Donovan was refused a visa to enter the United States because of a 1966 drug bust.

Captain Beefheart & the Magic Band was also invited to appear but, according to the liner notes for the CD reissue of their album Safe As Milk, the band turned the offer down at the insistence of guitarist Ry Cooder, who felt the group was not ready.

Dionne Warwick and The Impressions were advertised on some of the early posters for the event, but Warwick dropped out because of a conflict in booking that weekend. She was booked at the Fairmont Hotel; the hotel was reluctant to release her and it was thought that cancelling that appearance would negatively affect her career. Bad choice.

Even though the logo for the band Kaleidoscope is seen in the film as a pink sign just below the stage, the band did not perform at the Monterey Festival.

Although The Rolling Stones did not play, guitarist and founder Brian Jones attended and appeared on stage to introduce Hendrix absolutery wasted. The group was on the short list of invitees, but was unable to get work visas because of the drug arrests of Mick Jagger and Keith Richards.

It was long rumored that Love had declined an invitation to Woodstock, but Mojo Magazine later confirmed that it was the Monterey Festival they had rejected. Again, bad move. 

The promoters also invited several Motown artists to perform and even were going to give the label's artists their own slot. However, Berry Gordy refused to let any of his acts appear, even though Smokey Robinson was on the board of directors. Madness. And a sign that few saw how the business was going to go in a few short years and how big the whole of youth culture would become.

The Doors did not appear because the coordinators forgot to invite them. Ooops. Drummer John Densmore, in his book Riders on the Storm, expressed his belief that the band was not invited because its music didn't express the peace and love ideals of the time.

The Monkees were the biggest-selling musical act in the United States in 1967 and were seriously considered to play, but after weeks of deliberation, John Phillips and Lou Adler decided not to invite them. However, group members Micky Dolenz (in full American Indian buckskins and head-dress) and Peter Tork attended the festival and mingled with musicians backstage. Tork was asked to introduce Buffalo Springfield, his favorite group, for their set.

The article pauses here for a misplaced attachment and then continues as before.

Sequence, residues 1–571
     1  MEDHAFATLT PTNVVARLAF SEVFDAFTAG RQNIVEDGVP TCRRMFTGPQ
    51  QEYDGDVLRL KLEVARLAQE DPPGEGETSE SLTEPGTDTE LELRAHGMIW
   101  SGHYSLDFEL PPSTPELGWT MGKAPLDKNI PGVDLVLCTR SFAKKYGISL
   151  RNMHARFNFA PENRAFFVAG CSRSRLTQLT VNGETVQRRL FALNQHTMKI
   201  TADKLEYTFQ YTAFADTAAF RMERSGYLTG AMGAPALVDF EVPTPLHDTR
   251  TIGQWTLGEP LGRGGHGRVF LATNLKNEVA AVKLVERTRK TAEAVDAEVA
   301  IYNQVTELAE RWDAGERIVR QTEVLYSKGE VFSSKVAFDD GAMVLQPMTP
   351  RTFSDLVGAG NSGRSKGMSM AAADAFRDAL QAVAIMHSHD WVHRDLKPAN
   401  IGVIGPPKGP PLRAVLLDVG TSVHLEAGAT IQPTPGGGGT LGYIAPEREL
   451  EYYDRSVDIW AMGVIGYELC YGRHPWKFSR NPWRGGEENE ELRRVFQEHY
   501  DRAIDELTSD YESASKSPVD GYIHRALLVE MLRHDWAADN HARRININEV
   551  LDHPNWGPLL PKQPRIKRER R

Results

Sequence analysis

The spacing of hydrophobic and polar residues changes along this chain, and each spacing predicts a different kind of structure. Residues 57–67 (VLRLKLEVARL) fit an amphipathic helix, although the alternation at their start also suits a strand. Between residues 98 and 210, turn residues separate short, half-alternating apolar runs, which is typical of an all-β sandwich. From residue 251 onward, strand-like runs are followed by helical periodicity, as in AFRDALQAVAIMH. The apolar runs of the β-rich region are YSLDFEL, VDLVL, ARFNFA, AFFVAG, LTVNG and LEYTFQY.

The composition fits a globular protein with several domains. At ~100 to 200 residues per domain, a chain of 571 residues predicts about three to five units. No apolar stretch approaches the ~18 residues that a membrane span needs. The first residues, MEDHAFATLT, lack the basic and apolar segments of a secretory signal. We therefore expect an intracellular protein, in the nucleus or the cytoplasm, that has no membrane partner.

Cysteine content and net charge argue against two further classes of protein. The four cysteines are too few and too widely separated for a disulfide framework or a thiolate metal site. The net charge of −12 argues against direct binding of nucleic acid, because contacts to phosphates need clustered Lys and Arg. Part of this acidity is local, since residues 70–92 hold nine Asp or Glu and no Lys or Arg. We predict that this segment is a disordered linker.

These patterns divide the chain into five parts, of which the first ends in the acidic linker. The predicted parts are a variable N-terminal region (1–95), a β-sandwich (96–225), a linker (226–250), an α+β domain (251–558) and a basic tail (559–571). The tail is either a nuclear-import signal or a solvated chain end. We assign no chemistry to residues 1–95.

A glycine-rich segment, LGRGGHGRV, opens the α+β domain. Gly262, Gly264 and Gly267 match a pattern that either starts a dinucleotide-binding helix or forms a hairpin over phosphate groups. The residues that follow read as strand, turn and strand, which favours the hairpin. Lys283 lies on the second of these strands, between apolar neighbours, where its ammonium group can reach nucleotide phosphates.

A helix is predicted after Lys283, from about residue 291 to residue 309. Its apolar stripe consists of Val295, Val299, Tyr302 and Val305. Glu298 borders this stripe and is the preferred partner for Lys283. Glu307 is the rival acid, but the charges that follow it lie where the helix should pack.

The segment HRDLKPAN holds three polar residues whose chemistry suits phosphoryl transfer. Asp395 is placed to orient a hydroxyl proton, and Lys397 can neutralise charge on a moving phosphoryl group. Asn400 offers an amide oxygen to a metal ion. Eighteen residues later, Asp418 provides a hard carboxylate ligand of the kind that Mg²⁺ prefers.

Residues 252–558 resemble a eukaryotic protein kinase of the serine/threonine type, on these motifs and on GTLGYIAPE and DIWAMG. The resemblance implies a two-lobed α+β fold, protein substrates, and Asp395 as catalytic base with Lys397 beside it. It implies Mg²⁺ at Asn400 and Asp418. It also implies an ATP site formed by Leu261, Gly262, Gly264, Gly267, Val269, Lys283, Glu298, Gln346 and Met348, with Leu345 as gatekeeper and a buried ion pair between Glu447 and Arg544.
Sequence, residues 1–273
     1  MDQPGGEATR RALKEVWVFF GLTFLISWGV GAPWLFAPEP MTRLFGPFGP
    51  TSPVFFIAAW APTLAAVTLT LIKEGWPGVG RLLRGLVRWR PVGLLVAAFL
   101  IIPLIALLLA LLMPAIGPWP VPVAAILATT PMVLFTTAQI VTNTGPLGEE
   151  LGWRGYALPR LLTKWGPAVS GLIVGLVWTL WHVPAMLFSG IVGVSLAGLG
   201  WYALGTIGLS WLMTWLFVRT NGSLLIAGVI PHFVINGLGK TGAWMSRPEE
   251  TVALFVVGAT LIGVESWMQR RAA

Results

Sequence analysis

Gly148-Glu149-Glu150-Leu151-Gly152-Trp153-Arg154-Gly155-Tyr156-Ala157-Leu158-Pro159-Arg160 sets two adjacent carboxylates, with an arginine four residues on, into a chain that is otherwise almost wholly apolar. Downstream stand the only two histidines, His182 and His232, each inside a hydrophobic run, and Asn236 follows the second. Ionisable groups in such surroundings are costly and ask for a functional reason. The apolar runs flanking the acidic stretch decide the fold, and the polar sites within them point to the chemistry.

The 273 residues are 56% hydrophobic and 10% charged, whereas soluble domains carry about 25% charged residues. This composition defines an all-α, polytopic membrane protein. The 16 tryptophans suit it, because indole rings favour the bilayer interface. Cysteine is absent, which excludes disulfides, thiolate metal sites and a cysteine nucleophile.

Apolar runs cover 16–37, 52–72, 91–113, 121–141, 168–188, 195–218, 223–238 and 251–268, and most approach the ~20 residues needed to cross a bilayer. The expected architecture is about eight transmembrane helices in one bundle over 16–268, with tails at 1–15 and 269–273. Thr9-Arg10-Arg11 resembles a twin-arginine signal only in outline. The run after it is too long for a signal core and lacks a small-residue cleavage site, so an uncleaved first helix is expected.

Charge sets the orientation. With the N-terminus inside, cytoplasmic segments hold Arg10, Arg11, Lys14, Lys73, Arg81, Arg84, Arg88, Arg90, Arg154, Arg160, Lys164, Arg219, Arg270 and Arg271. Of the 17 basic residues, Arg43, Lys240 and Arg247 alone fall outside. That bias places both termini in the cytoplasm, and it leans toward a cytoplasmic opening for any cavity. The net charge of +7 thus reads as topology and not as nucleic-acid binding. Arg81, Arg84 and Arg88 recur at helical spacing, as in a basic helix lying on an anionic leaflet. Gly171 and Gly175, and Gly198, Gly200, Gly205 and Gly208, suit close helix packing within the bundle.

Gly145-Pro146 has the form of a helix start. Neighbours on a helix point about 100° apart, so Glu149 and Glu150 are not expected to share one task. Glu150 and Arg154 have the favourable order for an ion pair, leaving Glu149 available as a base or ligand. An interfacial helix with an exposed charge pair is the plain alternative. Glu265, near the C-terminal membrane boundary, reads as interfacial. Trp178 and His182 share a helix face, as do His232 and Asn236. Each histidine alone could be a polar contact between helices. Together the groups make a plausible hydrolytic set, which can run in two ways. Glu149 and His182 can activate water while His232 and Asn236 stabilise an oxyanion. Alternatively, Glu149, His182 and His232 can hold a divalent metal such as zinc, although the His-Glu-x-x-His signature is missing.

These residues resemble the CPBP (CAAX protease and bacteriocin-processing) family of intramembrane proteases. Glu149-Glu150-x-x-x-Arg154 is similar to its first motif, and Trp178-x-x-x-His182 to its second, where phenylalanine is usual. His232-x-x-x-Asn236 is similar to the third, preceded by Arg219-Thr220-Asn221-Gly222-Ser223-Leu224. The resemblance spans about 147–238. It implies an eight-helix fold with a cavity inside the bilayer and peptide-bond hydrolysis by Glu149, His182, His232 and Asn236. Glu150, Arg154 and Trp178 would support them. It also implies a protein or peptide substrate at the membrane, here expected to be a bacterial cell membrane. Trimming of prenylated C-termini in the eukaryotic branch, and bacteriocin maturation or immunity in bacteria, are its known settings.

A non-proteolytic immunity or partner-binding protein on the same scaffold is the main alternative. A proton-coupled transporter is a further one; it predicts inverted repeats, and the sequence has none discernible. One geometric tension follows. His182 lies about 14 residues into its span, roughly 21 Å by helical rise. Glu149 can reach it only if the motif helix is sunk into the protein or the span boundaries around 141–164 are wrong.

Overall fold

According to Eric Clapton, Cream did not perform because the band's manager wanted to make a bigger splash for their American debut. However, it has since been revealed that the band were not considered by the festival organizers.

When you watch the movie now, what strikes you is how ordered and respectable it all is. A year or two later, stoned hairies would litter the highways of America on their way to some rain-sodden site in the back end of nowhere. Here, in 1967, it's all much more tidy. The festival and subsequent superb movie launched so many careers.

A lot of bands got contracts on the back of their performances here, many others increased their record sales and subsequently their appearance fees. The festival itself showed there was gold in them there rock kids.

Monterey changed everything. Woodstock would go on to the the premium festival brand, but it all started in Monterey.

Poster t-shirt 

This is the line-up of bands.

Friday, June 16
The Association
The Paupers
Lou Rawls
Johnny Rivers
Eric Burdon and The Animals
Simon & Garfunkel

Saturday, June 17
Canned Heat
Big Brother and the Holding Company
Country Joe and the Fish
Al Kooper
The Butterfield Blues Band
The Electric Flag
Quicksilver Messenger Service
Steve Miller Band
Moby Grape
Hugh Masekela
The Byrds
Laura Nyro
Jefferson Airplane
Booker T. & the M.G.'s
The Mar-Keys
Otis Redding

Sunday, June 18
Ravi Shankar
The Blues Project
Big Brother and the Holding Company
The Group With No Name
Buffalo Springfield (played with David Crosby)
The Who
Grateful Dead
The Jimi Hendrix Experience
Scott McKenzie
The Mamas & the Papas
I took most of this from here